The Canadian Law Times, Volume 28
Edward Douglas Armour, Edward Betley Brown, Charles Elliott, Edward Gillis, Augustus Henry Frazer Lefroy, Alfred Taylour Hunter, Bram Thompson
Carswell & Company, 1908 - Law
From 1900 to 1908 includes the "Annual digest of Canadian cases ... decided in the Judicial Committee of the Privy Council, in the Supreme and Exchequer Courts of Canada, and in the courts of the provinces ... Edited by Edward B. Brown."
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Page 189 - Self-reverence, self-knowledge, self-control. These three alone lead life to sovereign power. Yet not for power (power of herself Would come uncall'd for) but to live by law, Acting the law we live by without fear; And, because right is right, to follow right Were wisdom in the scorn of consequence.
Page 130 - In our halls is hung Armoury of the invincible Knights of old : We must be free or die, who speak the tongue That Shakespeare spake; the faith and morals hold Which Milton held.
Page 383 - Newspaper publications by a lawyer as to pending or anticipated litigation may interfere with a fair trial in the courts and otherwise prejudice the due administration of justice. Generally they are to be condemned.
Page 381 - The lawyer owes entire devotion to the interest of the client, warm zeal in the maintenance and defense of his rights, and the exertion of his utmost learning and ability, to the end that nothing be taken or be withheld from him.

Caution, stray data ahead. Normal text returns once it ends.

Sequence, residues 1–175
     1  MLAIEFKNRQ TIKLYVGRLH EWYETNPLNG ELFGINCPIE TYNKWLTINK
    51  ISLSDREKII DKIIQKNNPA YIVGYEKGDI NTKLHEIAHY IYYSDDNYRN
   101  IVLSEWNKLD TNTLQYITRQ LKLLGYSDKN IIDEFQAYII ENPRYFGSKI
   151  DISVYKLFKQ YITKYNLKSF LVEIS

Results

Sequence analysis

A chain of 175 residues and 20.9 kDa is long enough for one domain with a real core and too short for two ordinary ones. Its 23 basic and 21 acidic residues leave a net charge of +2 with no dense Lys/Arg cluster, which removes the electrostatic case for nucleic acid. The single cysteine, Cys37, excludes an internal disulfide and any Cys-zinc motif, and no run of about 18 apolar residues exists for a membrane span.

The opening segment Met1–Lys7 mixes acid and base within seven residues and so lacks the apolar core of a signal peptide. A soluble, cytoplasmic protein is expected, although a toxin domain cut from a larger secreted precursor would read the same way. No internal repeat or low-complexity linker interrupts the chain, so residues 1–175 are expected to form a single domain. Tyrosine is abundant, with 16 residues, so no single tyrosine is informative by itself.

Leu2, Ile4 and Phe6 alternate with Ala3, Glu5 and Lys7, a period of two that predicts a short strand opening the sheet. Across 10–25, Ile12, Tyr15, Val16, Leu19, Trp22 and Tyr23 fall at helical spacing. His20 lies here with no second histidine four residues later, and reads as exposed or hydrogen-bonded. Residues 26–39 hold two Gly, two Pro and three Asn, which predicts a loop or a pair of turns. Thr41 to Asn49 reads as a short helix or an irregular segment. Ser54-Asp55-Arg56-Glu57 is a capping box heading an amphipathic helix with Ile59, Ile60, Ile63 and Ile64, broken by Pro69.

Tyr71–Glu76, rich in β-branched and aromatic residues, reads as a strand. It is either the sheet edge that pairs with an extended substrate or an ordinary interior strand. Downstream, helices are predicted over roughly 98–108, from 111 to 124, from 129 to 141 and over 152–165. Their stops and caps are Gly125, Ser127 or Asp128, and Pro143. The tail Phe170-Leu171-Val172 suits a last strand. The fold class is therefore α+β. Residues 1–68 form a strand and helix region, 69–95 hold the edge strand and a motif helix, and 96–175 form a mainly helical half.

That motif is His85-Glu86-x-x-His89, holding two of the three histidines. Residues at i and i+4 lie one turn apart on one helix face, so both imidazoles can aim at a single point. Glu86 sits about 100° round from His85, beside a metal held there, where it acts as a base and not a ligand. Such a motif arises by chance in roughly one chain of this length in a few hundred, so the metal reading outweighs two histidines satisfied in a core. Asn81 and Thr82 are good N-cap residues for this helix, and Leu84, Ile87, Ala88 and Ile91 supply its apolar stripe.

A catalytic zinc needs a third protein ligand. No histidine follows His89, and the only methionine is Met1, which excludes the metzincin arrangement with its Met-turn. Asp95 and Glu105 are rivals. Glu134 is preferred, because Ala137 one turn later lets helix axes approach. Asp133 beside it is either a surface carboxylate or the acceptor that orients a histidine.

Page 991 - ... law, so as to enable the assignee to sue in his own name for a breach thereof, was attributed by Coke to the "wisdom and policy of the founders of our law" in discouraging maintenance and litigation.
Page 694 - This England never did (nor never shall) Lie at the proud foot of a conqueror, But when it first did help to wound itself. Now these her princes are come home again, Come the three corners of the world in arms, And we shall shock them : Nought shall make us rue, if England to itself do rest but true.
Page 976 - The Judicial Department comes home in its effects to every man's fireside : it passes on his property, his reputation, his life, his all. Is it not, to the last degree important, that he should be rendered perfectly and completely independent, with nothing to influence or control him but God and his conscience?
Page 876 - The general rule is, that the master is answerable for every such wrong of the servant or agent as is committed in the course of the service and for the master's benefit, though no express command or privity of the master be proved.